It’s a longstanding issue.  Nostalgia did not ride in on hair mousse and mullets. The ancient wanderers of Israel longed to return back home from the desert , even though they were looking back to the slave chains of Pharaoh. What it boils down to is trust. The Jewish population was carrying a promise from on high that spoke of a future land, flowing with milk and honey. These delicacies were not available in the wilderness, but rather than looking ahead in faith, they found it simpler to look backward toward the spice and bite of Egyptian garlic and onions. These ingredients make good pizza toppings but are poor substitutes for sweet milk and honey.

Years ago, I was conducting a Teen 12-Step meeting in the church where I pastor. Noting the sudden passing of a friend, the youths were talking seriously about life and it’s brevity. “If I ever die…” one young man began to muse. I stopped him mid-sentence and replaced his spoken “if” with a “when”. It will happen. The life to death ratio stands at one to one. You cannot tune this reality out. You can’t survive on the memory of yesterday’s lunch. We must push on in faith. If we listen, we will hear Love calling us forward over the crashing drums and whispered complaints of our past.

Love never fails. It never changes. It is the One thing that will carry you from decade to decade and into eternity, for it is the very stuff that matters. When God chose to reveal Himself to us - He chose love as the method. The coming future is a love story. But, you must accept love on its own terms. Negotiations are meaningless. Love has made a way but it is narrow. Only a few find it. The rest of earth’s populace is left to spin the dial in hopes they will find something familiar to lean on. They will sing along in classic fashion until the final song is played - and that last hymn will begin with a resounding “Hallelujah!” It will pour forth in a welcome wave of newness, sweeping away all past and present. The future is coming. But fear not. It is a love song that the angels sing. Alpha to Omega... beginning to end.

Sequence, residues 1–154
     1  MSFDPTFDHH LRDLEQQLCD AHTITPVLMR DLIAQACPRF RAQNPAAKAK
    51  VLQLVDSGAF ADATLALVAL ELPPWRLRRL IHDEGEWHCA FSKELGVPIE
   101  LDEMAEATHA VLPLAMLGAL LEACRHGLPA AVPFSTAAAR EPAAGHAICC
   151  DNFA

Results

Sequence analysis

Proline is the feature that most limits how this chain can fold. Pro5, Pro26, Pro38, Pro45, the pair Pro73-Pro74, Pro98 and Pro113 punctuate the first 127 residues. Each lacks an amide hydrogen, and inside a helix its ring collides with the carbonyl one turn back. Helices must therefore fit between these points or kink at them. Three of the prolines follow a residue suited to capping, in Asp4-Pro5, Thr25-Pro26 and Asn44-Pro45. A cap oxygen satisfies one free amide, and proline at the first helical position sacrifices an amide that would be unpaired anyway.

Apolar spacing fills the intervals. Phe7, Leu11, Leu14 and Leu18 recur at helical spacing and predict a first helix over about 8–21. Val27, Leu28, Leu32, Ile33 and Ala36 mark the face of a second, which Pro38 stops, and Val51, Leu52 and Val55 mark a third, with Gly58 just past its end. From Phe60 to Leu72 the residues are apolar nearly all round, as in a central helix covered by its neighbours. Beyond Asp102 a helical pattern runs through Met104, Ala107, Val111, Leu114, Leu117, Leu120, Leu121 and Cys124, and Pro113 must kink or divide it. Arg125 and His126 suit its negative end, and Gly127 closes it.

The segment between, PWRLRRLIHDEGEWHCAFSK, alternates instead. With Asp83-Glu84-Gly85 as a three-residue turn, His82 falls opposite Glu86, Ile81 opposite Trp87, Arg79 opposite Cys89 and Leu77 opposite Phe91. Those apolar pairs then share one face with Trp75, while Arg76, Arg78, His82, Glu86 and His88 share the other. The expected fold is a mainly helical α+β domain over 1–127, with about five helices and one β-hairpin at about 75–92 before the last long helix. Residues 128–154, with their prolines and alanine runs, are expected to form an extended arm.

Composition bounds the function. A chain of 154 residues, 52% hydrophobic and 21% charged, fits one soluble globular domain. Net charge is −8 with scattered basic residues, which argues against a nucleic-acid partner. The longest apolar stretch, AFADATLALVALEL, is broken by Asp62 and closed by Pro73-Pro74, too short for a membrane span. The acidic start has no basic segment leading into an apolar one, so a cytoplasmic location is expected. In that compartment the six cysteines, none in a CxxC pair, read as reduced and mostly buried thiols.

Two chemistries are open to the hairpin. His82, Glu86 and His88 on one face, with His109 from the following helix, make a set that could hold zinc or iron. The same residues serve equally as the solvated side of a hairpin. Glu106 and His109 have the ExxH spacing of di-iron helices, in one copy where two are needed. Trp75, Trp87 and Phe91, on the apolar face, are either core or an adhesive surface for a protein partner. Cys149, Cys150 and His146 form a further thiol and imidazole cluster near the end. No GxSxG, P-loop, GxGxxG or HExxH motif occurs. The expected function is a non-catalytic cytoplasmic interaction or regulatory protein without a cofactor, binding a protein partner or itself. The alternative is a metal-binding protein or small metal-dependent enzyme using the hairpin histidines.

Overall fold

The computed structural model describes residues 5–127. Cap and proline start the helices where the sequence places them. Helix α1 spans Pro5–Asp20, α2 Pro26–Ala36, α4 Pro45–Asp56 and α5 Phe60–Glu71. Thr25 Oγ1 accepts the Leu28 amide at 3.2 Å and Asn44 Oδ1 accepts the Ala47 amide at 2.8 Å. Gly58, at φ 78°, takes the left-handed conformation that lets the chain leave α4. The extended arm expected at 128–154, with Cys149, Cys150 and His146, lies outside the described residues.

Tiger Fan

My father was a Detroit Tigers fan. His allegiance to the major league ball club from the Motor City was unflappable. Some of my earliest life memories are of warm summer nights, with the windows open throughout the house; the sounds from the old Philco radio floating into my bedroom from the kitchen. There, my father would sit in the wooden rocking chair, creaking back and forth while he endured the AM radio signal that came from Tiger Stadium.